Progress towards a more peaceful world isn’t inevitable, she insists. And if we don’t make the effort to craft an international order that maintains peace and cooperation, “we could find ourselves, all too quickly, back in the era of domestic repression and bloody global conflict.”

One problematic part of her book is the last chapter, “Managing War’s Paradoxes,” where she considers but rejects pacifist arguments about the war on terror. Since 9/11, America has been in a constant state of war, and war has expanded to include multiple countries and multiple, non-traditional formats (cyber-terrorism, economic terrorism, fake news, bioterrorism, drone attacks, etc). Post 9/11 our privacy rights and civil rights have been degraded: extra-judicial killings of Americans by drones are the norm, as is indefinite detention. Some pacifists suggest that the problem is that we shouldn’t regard terrorist attacks as a war at all. Rather, we should view such attacks as criminal acts, or as social problems. We can, say the pacifists, put the genie back in the bottle.

To be specific, the genie is the blurring of lines between war and peace, and the militarization of all aspects of life.

In the last chapter Brooks rejects the pacifist view and says that expanded war is here to stay. In fact, she says, war has been the norm rather than the exception throughout human history.  She points to President Obama’s conflicting statements about war. While he acknowledged that perpetual war mustn’t become the norm, he repeatedly agreed to more war: escalating troops in Afghanistan, sending troops to Syria, and authorizing drone attacks. Even in his Nobel address, for the Peace Prize he didn’t deserve, he spoke of the necessity of war.

She writes, “The changes that have blurred the lines between war and peace are real, not just figments of militaristic American imaginations.” War is no longer a matter of massed troops between nation states. Now it’s dispersed and disorganized. She acknowledges that the changes in the nature of war create fundamental challenges to international law and human rights. War and peace aren’t binary opposites but exist on a continuum, she says.

“It’s time to stop relying on lines drawn in the sand: the wind and waves are washing them away.” Instead, she says, we should realize that war is a constant companion and that we need to develop frameworks for managing it in a way that protects human rights and human dignity. In particular, we need international rules that make room for targeted killings, via, say, the Security Council of the United Nations. Brooks says the U.S. must be willing to give up some sovereignty, lest our actions come back to haunt us when other nations perform targeted killings of Americans.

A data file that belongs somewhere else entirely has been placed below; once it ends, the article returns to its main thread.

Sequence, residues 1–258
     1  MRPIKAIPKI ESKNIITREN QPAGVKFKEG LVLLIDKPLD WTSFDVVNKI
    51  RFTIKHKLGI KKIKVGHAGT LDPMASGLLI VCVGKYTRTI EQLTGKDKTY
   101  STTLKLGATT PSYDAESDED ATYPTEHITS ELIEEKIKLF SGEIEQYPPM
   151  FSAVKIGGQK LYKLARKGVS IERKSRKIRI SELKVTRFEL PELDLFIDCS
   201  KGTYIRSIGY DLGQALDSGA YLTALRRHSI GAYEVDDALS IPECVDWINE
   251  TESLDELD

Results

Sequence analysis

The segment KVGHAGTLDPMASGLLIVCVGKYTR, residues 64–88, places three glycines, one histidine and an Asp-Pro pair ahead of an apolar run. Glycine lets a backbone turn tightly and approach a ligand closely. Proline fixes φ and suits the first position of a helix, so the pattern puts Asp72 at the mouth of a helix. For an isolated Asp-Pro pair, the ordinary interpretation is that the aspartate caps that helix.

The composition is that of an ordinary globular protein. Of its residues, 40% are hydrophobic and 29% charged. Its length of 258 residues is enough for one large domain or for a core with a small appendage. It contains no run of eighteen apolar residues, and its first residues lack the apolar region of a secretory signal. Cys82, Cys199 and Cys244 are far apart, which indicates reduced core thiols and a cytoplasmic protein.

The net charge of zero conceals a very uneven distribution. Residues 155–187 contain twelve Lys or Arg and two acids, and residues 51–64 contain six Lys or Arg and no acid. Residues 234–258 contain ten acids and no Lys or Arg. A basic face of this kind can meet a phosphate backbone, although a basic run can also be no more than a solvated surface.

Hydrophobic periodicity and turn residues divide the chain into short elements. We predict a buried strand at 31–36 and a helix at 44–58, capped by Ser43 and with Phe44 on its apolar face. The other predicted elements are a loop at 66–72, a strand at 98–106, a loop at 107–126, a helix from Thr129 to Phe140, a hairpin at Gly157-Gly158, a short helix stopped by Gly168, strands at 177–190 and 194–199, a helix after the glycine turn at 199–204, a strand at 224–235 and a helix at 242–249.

In the past, she says, the Declaration of Independence, the Geneva Conventions, and the United Nations Charter brought progress towards peace and human rights. “Today, as the boundaries around war grow indistinct and war’s toxins begin to bleed into daily life, it’s time to try again.” That is, try to build laws to constrain the new kinds of war that we now face.

Likewise, she acknowledges that in an ideal world civilian agencies would be given the resources to do the many activities of nation building and development that currently fall to the military (and that the military often lacks the skills to perform). But, she asks, “is it remotely realistic to imagine that this will happen any time in the next few decades, given current political realities?” Her answer is, no.

She doesn’t mention the GOP by name, but that’s her implication: Republicans do not want government to work, except for the military.

Since, she says, we are stuck with just the military, let’s admit that the military’s role is wider than just killing. Hiring rules should be changed to downplay physical strength and youth and to emphasize more intellectual skills, such as linguistic ability and coding skills. Moreover, “we’ll need to knock down the walls we’ve created between our civilian agencies and the military.” After all, national security depends on more than just violence: education, transportation, health care, and environmental stewardship, for example.

Heck, she sounds like a progressive!